But it is not only since digitalization that repetition and seriality become a concept of a new aesthetic. As early as in the 19th century, as a result of progressive industrialization and mechanization, products were manufactured in series at high frequency and, above all, on a large scale, resulting in new production chains, which also led to new image operations. Images are not only produced in large quantities in print media, but combined in new ways. From the very beginning, reproduction and repetition have been inscribed as aesthetic principles in the new technical medium of photography. Since Impressionism at the latest, serialism has also been discovered in painting as an aesthetic concept of a juxtaposition of time events. Seriality and repetition are not new phenomena of the digital age, but digitalization makes us rethink and reflect on concepts of seriality and reproduction techniques. While after the Second World War Minimal Art deals with the aesthetic principles of (Re*)production and American Pop Art transfers the capitalist production system to art, the question today is how digitalization affects the aesthetic production of images.

The research project examines how contemporary artistic strategies are related to digital phenomena and their reproductive possibilities, and how old serial concepts are taken up again and reinterpreted. While the accumulation of data and images leads to restructuring and examination of the accumulated knowledge and thus suggests the creation of new knowledge, the question is which new aesthetic constellations arise. It is no longer just a reference to the original, but the creation and invention of new processes and procedures of reproduction. The question is where and how today, in the face of digitalization, images are appropriated, and how the question of the ontology of reproductive techniques is reflected in them.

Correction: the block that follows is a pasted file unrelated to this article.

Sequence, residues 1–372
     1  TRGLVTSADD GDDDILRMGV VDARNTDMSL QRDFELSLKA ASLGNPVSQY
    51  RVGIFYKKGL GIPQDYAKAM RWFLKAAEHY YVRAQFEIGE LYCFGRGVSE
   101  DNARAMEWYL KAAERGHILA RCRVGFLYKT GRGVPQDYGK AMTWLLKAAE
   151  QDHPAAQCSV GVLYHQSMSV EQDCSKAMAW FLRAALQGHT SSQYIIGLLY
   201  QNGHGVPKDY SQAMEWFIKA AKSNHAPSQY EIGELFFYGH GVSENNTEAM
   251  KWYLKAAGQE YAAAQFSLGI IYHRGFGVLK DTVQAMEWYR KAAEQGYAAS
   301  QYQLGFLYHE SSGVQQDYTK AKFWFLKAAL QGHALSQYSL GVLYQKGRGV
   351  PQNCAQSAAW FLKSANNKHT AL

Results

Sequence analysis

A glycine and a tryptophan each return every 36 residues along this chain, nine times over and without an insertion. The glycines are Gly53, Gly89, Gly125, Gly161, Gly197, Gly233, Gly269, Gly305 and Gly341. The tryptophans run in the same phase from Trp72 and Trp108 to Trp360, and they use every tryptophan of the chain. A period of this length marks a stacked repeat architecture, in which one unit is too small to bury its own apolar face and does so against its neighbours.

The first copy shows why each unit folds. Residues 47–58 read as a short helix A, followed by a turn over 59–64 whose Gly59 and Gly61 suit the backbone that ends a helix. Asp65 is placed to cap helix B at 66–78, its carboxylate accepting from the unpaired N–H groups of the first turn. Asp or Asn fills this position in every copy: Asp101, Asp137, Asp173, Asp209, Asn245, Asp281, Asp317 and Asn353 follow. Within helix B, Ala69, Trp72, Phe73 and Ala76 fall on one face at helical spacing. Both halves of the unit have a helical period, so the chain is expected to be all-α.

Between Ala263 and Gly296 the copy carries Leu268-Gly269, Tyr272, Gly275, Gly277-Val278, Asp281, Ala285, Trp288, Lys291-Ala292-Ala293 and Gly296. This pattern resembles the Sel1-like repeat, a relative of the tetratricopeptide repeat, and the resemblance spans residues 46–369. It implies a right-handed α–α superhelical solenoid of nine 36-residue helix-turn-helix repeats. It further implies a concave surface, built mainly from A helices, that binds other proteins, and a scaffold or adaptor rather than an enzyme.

Recent publications

Edited Books:

Migration der Dinge. Kulturtransfer und Wissenszirkulation in Zeitaltern der Globalisierung, Schriftenreihe des Internationalen Kollegs für Kulturtechnikforschung und Medienphilosophie, Bd. 31, Weimar 2017.

Karl-Heinz Adler. Zeitschichten. Werke 1957-2017, Ausst.kat. Museum für Angewandte Kunst Gera, Berlin 2017 (gemeinsam mit Sabine Tauscher).

Serielle Materialität. Imi Knoebel und Peter Roehr, Ausstellungskatalog Kunstverein Gera e.V., Jena 2013 (gemeinsam mit Babett Forster).

IMAGINARY LANDSCAPE. Hommage an John Cage, Ausstellungskatalog Kunstverein Gera e.V., Jena 2012.


Touch me! Berührung als subversive Geste in der Performancekunst, in: Steffen Haug und Tina Zürn (Hrsg.), Don’t touch. Touch Screen. Das Bild, der Blick und allerhand Formen taktiler Wahrnehmung und Erkenntnis. Festschrift für Michael Diers, Berlin 2018.

Times Square 2.0. Der Platz als mediales Spektakel, in: Alessandro Nova, Brigitte Soelch (Hg.), Platz-Architekturen. Kontinuität und Wandel öffentlicher Stadträume vom 19. Jahrhundert bis in die Gegenwart, München: Deutscher Kunstverlag 2018, S. 299-310.

Magnetic Attacks. Christina Kubischs Arbeiten mit elektromagnetischer Induktion, in: Positionen. Texte zur aktuellen Musik (114) 2018, S. 43-46.

Der Verdacht. Benjamin Heisenbergs Film Schläfer (D, 2005) als Portrait einer verunsicherten Gesellschaft, in: Verena Krieger (Hg.), BrandSchutz. Aktuelle künstlerische Strategien zu Mentalitäten der Intoleranz, Weimar 2018, S. 145-163.

Der blinde Fleck. Anmerkungen zu Günther Selichars Serie Who´s Afraid of Blue, Red and Green? im öffentlichen Raum, in: Günther Selichar. Who’s Afraid of Blue, Red and Green? (1990-2015), Wien 2017, S. 185-216.